std::string row;
in >> row;
if (row.size() != width) {
in.setstate(std::ios::failbit);
return roomcount;
}
for (std::size_t j{0}; j < width; ++j) {
if (row[j] == empty) {
// continuation from line above?
if (tracker[j]) {
// also from left?
if (j && tracker[j-1]) {
if (tracker[j-1] < tracker[j]) {
tracker[j] = tracker[j-1];
--roomcount;
} else if (tracker[j] < tracker[j-1]) {
// set all contiguous areas to the left
for (auto k{j-1}; k; --k) {
if (tracker[k]) {
tracker[k] = tracker[j];
} else {
break;
}
}
--roomcount;
}
}
} else {
// continuation from left?
if (j && tracker[j-1]) {
tracker[j] = tracker[j-1];
} else {
tracker[j] = ++roomcount;
}
}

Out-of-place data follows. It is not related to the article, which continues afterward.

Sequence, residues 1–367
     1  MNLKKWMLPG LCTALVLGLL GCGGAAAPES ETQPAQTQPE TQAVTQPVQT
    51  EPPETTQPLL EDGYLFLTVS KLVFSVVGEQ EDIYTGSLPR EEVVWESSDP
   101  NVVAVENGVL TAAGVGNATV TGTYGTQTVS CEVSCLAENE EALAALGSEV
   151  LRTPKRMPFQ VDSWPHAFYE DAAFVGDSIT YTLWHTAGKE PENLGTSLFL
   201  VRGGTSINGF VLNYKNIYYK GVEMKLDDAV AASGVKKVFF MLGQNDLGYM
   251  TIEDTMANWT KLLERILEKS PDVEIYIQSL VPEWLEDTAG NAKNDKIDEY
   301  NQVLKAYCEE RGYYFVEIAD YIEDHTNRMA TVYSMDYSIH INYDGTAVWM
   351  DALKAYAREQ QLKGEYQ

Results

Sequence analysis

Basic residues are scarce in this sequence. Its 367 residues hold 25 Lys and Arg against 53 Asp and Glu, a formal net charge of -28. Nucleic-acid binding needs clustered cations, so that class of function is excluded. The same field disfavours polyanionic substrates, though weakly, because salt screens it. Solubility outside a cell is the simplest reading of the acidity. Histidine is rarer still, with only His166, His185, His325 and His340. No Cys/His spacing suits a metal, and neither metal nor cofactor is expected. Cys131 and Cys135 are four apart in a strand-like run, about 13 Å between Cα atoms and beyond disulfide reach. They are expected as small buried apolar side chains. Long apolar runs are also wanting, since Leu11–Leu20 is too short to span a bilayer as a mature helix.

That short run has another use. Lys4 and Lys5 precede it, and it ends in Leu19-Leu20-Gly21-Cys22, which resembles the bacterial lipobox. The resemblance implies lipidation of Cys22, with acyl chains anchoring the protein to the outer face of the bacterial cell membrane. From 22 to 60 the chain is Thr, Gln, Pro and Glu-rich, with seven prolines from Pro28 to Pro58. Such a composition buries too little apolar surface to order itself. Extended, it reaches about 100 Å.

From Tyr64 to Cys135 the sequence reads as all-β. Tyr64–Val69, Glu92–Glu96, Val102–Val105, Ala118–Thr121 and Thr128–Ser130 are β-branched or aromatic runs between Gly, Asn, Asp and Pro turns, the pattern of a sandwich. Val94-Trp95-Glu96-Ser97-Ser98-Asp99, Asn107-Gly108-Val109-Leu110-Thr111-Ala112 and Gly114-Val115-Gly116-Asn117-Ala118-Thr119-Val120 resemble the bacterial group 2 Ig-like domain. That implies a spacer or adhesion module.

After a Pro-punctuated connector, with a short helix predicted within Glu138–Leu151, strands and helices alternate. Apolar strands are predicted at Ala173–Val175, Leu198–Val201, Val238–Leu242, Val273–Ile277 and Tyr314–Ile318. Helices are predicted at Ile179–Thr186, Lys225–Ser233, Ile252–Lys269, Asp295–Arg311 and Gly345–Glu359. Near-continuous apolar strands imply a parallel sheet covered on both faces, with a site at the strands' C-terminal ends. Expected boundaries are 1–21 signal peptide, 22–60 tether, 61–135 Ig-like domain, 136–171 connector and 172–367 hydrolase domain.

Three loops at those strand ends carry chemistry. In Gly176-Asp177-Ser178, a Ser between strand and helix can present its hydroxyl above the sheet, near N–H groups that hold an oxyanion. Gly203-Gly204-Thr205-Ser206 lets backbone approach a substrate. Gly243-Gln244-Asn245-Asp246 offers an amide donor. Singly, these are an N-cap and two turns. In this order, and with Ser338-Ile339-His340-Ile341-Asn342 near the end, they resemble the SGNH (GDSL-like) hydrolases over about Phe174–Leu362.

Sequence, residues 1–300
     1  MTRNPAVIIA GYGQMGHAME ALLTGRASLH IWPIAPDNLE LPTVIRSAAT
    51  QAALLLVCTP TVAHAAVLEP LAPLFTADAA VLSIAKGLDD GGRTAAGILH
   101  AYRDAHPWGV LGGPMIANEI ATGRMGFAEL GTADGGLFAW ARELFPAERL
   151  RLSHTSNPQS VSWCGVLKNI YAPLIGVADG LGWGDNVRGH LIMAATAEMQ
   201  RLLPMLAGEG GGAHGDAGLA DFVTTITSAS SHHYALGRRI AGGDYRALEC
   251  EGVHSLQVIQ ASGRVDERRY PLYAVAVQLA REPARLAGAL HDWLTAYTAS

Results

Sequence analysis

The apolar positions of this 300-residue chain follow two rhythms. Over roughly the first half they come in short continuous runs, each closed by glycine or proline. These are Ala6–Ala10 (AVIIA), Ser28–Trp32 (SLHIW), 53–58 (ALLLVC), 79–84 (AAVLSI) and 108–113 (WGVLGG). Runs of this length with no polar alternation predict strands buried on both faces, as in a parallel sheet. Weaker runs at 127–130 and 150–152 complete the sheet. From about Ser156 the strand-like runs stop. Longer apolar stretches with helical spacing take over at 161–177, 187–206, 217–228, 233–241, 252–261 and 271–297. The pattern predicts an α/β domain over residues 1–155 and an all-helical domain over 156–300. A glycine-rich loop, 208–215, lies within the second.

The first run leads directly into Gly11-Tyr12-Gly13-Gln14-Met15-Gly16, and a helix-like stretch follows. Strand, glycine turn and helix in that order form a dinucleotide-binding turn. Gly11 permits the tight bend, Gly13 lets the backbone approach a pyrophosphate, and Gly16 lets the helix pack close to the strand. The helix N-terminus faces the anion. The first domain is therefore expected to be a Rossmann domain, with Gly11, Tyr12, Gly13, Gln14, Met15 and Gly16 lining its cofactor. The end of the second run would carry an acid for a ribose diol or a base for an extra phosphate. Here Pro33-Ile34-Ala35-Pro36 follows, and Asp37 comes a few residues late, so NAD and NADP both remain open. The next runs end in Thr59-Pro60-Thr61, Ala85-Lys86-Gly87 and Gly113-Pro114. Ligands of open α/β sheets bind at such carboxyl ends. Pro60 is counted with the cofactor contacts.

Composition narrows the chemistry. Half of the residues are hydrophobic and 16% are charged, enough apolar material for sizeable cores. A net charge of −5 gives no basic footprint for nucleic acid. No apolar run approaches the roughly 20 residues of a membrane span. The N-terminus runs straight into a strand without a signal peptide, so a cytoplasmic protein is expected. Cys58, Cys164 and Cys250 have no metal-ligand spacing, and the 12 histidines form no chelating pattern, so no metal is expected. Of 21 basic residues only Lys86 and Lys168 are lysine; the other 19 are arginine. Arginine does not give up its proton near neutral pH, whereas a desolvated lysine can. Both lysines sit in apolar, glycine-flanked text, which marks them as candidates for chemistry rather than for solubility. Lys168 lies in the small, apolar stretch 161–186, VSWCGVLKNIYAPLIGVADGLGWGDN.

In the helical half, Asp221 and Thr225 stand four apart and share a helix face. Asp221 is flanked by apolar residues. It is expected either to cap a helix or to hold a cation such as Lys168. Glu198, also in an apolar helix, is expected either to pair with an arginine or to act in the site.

} else {
tracker[j] = 0;
}
}
}
return roomcount;
}

int main() {
auto r = rooms(std::cin);
while (std::cin) {
std::cout << r << '\n';
r = rooms(std::cin);
}
}


## test.in

5 8
########
#..#...#
####.#.#
#..#...#
########
9 25
#########################
#.#.#.#.#.#.#.#.#.#.#.#.#
#########################
#.#.#.#.#.#.#.#.#.#.#.#.#
#########################
#.#.#.#.#.#.#.#.#.#.#.#.#
#########################
#.#.#.#.#.#.#.#.#.#.#...#
#########################
3 3
...
...
...
3 3
###
...
###
3 3
###
###
###
7 9
#########
#.#.#.#.#
#.#.#.#.#
#.#...#.#
#.#####.#
#.......#
#########
5 8
########
#..#.#.#
##.#.#.#
#..#...#
########
7 8
########
#..#.#.#
##.#.#.#
#..#...#
########
#..#...#
########
7 9
#########
#.#.#.#.#
#.#.#.#.#
#.#.#.#.#
#.#.#.#.#
#.......#
#########
7 9
#########
#.#.##..#
#.#.##.##
#.#.##..#
#.#...#.#
#...#...#
#########
7 9
#########
#.#.....#
#.#.###.#
#.#...#.#
#.#####.#